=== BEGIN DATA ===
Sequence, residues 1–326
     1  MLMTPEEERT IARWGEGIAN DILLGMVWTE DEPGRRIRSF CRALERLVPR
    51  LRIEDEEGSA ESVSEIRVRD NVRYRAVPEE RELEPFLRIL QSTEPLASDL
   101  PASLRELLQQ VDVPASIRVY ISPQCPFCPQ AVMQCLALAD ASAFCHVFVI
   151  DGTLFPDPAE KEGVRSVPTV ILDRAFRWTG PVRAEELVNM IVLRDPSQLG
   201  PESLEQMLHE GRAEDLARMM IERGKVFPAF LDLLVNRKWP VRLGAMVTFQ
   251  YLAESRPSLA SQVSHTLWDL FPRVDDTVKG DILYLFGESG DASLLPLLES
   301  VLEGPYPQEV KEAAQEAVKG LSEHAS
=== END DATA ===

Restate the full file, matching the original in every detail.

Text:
Sequence, residues 1–326
     1  MLMTPEEERT IARWGEGIAN DILLGMVWTE DEPGRRIRSF CRALERLVPR
    51  LRIEDEEGSA ESVSEIRVRD NVRYRAVPEE RELEPFLRIL QSTEPLASDL
   101  PASLRELLQQ VDVPASIRVY ISPQCPFCPQ AVMQCLALAD ASAFCHVFVI
   151  DGTLFPDPAE KEGVRSVPTV ILDRAFRWTG PVRAEELVNM IVLRDPSQLG
   201  PESLEQMLHE GRAEDLARMM IERGKVFPAF LDLLVNRKWP VRLGAMVTFQ
   251  YLAESRPSLA SQVSHTLWDL FPRVDDTVKG DILYLFGESG DASLLPLLES
   301  VLEGPYPQEV KEAAQEAVKG LSEHAS